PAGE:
The 2011 Legislative Session Begins

January 28, 2011

The People’s Business

By President Pro Tempore Tommie Williams
January 28, 2011

Despite an icy start to this year’s Legislative Session, the Georgia General Assembly has hit the ground running. This year we welcome a new governor, who I look forward to working with as the legislature and executive branch develop a cooperative plan for the future of Georgia. Over the next few months, we’ll develop a climate that will generate job growth, strengthen Georgia’s competitiveness and use our financial resources effectively.

At the start of this session, we face a nearly $2 billion budget hole. The economy is slowly working its way towards recovery, but balancing the state budget remains an increasingly arduous task. During these tough economic times, the legislature has cut spending to require government to live within its means. We are spending $3.6 billion less in the Fiscal Year 2011 budget than we were in 2009. Growth in education, Regents, technical schools and Medicaid is expected to consume the majority of the 4 to 5 percent revenue growth that economists are projecting this year.

Conservative leadership at the Capitol is committed to responsible spending and finding efficiencies at all levels of state government. In addition to a balanced budget, we’ll also look at revamping Georgia’s tax structure to increase our state’s competitiveness, grow business and increase jobs. The Special Council on Tax Fairness for Georgians was established during the 2010 Session and has been working throughout the year to overhaul the state’s current revenue structure. The council has examined how best to structure the tax code in order to stimulate business and job growth, while keeping in mind how Georgia’s taxes compare to other states. A joint committee will study the council’s recommendations and draft legislation that utilizes some of their suggestions.

This year, I plan to examine the possibility of privatizing health care in state prisons. This could go a long way to cutting waste and saving taxpayer dollars. Georgia operates the fifth-largest prison system in the nation, with inmate health care expenditures totaling $217 million in 2009. A 2004 report by the Council of State Governments notes the correlation between rising prison costs and the number of states that have turned to private health care providers to save money. Between 1997 and 2000, another 22 states privatized a portion or all of their inmate health care, totaling 34 states. Florida showed a savings of $12.5 million for inmate health care in the first half of the 2008-09 Fiscal Year as a result of cost-saving measures that included outsourcing health care services.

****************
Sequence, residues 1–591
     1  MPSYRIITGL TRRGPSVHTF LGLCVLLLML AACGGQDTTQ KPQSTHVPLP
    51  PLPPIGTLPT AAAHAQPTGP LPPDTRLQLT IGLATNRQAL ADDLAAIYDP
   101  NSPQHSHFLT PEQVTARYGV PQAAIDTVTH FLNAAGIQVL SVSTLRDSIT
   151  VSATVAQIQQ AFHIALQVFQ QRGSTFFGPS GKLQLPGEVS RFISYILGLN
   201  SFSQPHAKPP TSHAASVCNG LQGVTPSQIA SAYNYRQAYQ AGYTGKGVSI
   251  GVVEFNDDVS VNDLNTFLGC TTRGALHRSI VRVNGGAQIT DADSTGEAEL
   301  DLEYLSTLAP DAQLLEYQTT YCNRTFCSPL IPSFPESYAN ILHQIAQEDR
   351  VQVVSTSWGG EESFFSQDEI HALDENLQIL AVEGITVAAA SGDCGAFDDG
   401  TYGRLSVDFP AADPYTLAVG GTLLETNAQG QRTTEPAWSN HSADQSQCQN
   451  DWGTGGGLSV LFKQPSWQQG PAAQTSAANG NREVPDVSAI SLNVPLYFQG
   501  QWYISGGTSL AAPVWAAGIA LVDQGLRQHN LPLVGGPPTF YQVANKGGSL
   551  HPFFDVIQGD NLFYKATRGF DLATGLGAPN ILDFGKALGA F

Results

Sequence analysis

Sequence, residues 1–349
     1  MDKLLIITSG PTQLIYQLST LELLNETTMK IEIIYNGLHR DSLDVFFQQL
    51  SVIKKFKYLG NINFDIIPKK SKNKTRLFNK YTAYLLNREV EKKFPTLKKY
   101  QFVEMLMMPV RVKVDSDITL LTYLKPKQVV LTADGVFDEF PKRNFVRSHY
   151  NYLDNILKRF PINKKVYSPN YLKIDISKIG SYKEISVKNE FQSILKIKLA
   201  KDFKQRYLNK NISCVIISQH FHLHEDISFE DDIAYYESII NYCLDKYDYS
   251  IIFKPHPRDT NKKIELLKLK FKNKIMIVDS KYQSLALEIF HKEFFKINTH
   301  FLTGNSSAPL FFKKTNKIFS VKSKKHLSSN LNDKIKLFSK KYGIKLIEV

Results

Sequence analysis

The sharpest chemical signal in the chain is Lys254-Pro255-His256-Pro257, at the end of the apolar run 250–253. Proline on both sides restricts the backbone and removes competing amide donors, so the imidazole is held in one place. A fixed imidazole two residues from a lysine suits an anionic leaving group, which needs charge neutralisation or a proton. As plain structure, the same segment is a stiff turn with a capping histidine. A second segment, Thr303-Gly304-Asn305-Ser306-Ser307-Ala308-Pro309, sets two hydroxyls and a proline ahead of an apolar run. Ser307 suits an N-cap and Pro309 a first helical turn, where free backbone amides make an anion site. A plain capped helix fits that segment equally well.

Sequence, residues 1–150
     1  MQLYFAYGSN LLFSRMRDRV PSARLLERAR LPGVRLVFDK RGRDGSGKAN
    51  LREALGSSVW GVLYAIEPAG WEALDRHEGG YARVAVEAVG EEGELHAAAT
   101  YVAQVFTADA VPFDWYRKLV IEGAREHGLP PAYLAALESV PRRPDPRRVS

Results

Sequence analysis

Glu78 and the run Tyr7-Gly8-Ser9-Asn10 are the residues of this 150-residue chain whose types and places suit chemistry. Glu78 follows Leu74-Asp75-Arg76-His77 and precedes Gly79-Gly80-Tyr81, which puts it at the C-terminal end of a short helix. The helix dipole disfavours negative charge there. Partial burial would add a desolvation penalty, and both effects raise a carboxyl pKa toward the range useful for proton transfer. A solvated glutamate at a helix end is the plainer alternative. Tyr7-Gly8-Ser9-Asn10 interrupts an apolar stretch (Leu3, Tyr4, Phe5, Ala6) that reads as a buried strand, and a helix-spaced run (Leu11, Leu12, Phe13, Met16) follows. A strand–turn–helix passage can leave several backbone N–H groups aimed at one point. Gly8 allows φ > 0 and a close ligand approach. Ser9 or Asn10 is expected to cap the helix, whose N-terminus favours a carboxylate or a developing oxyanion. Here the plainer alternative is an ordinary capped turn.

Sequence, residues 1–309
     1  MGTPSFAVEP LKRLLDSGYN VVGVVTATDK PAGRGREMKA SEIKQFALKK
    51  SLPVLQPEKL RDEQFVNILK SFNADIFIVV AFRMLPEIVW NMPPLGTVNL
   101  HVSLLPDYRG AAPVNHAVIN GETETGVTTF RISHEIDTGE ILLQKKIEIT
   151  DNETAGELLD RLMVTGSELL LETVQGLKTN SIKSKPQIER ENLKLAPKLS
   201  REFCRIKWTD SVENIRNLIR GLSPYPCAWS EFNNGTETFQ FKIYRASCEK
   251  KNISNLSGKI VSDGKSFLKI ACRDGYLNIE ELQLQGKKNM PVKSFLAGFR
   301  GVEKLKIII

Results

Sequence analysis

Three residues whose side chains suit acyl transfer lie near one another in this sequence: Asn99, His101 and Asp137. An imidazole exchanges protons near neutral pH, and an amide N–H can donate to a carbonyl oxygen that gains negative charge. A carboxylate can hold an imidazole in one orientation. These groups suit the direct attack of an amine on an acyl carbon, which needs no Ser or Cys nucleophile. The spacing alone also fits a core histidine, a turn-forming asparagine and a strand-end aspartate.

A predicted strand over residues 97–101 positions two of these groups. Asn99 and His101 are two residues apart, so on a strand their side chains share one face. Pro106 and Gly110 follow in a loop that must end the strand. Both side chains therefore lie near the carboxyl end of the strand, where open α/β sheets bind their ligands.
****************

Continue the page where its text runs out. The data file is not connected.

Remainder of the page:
Georgia, among many states, faces another exorbitant health care cost due to rampant Medicare fraud. Each year, Medicare fraud costs U.S. taxpayers $60 billion. A significant portion of this fraud is carried out through Medicare card “sharing,” where card holders allow others to use the card to obtain health care services. To crack down on card sharing, the legislature will consider requiring biometric authentication as a form of identity access management. Biometrics uses fingerprint scanning to verify the identity of the cardholder. Replacing the current system of card or paper identification, an electronic system could drastically cut down on those who abuse the system by running up medical expenses on another’s card.

Along with a new governor and a slew of freshman legislators, Georgia will welcome a new State School Superintendent this year. Dr. John Barge is a career educator and has worked at all levels of the education system. As a member of his transition team, I have enjoyed working with Dr. Barge to help set the vision for Georgia’s pubic schools as he prepares to become Georgia’s 21st school superintendent. In higher education, we will likely see some structural changes to the HOPE scholarship this year, which is suffering under increased student population and higher tuition rates. We’ll work to bring greater transparency to the organization and examine how money can best be allocated.
I look forward to continuing my service on behalf of my constituents in the 19th Senate District this session. Although we face significant challenges this year, I am confident that we will find the solutions to secure a prosperous future for Georgia.

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Sen. Tommie Williams serves as President Pro Tempore. He represents the 19th Senate District, which includes Appling, Jeff Davis, Long, Montgomery, Toombs, Wayne, and Wheeler counties and a portion of Liberty and Tattnall counties. He can be reached at 404.656.0089 or by email at tommie.williams@senate.ga.gov.